This morning, the L.A. Times ran a piece on “A Daring L.A. Vacation.” The article was on a family that vacations to Los Angeles from northern California. The Vogels trek to the city for the usual–the La Brea tar pits, the Santa Monica Pier, and Olvera Street.
So what made it so shocking, so headline-worthy, so jaw-dropping, so daring?
The crux of the article was the not-so-usual manner of travel the Vogel family used.
Personally, I now hope the Vogels will invite me to join them on their next trip. If it’s L.A., we can swap tips on the Metro. If they try somewhere else, I want to be along for the ride. They explored more of the city in two days than many of us have all summer.
Our office has long used a training experience called the URT–Urban Reality Tour–with our students during their first week back. The premise is simple. They start on our main campus and are given a packet with all they need for the day. As a traveling group, they have to get to an appointment in the Santa Monica area, then to lunch at Grand Central Market, then a second meeting downtown.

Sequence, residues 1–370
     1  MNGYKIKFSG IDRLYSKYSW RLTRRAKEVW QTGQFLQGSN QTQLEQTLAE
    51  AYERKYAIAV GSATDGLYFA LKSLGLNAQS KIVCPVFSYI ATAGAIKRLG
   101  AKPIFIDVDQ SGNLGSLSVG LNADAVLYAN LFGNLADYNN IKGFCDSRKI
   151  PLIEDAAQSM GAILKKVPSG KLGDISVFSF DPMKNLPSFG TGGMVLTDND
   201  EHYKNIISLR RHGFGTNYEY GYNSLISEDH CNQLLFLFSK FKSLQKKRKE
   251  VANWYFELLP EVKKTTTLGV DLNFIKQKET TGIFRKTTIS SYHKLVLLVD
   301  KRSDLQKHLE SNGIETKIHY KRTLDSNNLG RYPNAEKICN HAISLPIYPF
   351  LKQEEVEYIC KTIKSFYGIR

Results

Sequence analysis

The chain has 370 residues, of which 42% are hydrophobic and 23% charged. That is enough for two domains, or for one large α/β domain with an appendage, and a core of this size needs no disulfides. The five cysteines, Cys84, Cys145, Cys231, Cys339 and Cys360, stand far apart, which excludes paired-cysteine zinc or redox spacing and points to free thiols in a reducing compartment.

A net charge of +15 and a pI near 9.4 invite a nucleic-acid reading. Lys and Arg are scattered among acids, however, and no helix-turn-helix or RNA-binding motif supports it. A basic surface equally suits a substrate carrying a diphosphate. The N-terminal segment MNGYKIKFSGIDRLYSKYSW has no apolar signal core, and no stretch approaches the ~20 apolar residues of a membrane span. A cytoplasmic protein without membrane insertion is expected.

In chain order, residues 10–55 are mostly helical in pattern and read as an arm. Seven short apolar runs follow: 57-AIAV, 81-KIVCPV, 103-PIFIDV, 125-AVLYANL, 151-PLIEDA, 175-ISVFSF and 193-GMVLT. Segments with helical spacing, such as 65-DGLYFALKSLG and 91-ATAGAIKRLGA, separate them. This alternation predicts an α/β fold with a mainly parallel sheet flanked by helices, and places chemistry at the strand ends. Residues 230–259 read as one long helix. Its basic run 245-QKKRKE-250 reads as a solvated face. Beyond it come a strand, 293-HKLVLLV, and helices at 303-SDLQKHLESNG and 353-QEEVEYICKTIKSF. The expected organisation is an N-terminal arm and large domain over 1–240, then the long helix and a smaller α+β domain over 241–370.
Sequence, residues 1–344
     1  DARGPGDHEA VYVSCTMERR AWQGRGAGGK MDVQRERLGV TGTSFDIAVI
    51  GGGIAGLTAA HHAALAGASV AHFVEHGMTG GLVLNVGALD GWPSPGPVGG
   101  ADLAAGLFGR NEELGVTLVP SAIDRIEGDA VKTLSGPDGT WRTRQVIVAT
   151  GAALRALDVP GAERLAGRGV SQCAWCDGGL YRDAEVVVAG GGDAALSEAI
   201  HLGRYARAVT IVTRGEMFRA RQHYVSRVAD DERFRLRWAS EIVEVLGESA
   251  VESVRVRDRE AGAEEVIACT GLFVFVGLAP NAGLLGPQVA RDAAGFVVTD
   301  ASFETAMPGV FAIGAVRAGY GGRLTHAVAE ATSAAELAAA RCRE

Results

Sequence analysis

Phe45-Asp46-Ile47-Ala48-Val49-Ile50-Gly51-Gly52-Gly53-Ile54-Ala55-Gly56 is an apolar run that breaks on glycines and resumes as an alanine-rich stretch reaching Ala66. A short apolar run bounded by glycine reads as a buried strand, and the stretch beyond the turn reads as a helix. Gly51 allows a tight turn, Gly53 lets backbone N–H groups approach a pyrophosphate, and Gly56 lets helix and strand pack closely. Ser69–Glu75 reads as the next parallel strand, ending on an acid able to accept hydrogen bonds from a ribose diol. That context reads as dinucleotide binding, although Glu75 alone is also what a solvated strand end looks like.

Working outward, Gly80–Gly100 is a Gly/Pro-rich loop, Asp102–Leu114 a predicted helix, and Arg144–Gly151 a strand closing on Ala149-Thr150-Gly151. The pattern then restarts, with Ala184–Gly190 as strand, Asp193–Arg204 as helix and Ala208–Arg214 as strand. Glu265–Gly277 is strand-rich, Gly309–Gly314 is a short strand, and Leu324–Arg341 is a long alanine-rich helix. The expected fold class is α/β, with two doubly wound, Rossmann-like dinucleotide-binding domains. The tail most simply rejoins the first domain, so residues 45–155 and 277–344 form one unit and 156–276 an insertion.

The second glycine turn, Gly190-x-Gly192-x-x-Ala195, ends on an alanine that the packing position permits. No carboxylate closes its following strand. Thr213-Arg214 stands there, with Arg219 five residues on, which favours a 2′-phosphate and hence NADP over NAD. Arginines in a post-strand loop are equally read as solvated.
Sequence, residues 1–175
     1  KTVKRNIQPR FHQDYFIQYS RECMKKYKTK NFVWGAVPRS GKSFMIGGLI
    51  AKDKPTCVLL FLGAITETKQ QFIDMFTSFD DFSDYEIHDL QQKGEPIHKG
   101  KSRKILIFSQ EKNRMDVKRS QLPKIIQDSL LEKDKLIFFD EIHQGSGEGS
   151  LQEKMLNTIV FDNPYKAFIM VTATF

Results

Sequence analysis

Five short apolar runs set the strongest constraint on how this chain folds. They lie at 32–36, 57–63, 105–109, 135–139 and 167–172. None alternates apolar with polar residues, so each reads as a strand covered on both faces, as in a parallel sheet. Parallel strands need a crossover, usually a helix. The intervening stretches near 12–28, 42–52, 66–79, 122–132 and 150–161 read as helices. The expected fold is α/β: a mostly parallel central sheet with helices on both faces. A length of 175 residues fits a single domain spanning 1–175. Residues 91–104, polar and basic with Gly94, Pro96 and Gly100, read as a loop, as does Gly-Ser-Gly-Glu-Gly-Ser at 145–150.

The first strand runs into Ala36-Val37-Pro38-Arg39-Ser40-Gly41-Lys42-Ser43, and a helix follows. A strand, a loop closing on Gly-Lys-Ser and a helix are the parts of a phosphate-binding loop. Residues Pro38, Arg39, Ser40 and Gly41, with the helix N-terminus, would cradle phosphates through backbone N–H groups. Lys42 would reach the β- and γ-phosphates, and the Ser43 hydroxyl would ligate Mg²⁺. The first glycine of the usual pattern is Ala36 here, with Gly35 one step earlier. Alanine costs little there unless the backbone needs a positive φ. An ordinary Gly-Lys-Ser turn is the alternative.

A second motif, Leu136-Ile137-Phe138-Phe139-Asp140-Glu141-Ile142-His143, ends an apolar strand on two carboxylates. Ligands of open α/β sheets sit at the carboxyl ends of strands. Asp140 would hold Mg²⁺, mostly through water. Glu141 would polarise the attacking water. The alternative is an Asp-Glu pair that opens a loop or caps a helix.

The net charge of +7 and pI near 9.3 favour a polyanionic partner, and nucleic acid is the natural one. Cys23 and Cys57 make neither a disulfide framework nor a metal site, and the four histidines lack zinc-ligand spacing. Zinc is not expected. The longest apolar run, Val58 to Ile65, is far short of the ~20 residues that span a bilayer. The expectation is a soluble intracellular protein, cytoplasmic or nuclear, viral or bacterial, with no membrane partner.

The two appointments are with non-profit organizations who serve the community, and the students are asked to use that time to learn about what they do. Throughout the day, we ask them to be attentive to the city, to what they see, hear, and smell. Each group, seven in all, has a unique set of meetings, so that the next day they share their own experiences with one another.
The catch? No cars.
Malibu to Skid Row on public transit only.
Something about public transportation in L.A. changes the whole way you see the city. There are things about this place that you or I will never know if we only drive to the Bowl and back for summer concerts. And that would be a shame, I think.
In church-y circles we talk a lot about the incarnation–God coming down to daringly be a human alongside of us. We talk about being incarnational ourselves–going out to our neighbors, coworkers, and community in a way that emulates what Jesus did for us. I love the URT because it is one way our students begin to approach service incarnationally.
Have you taken public transit through L.A.? What’d you think? Or if you’re in another city, do you find the transportation system represents a whole other side of things? Most importantly, did you find a good spot to eat that you can share?
I’ll start. Sarita’s Pupuseria in Grand Central Market is wonderful.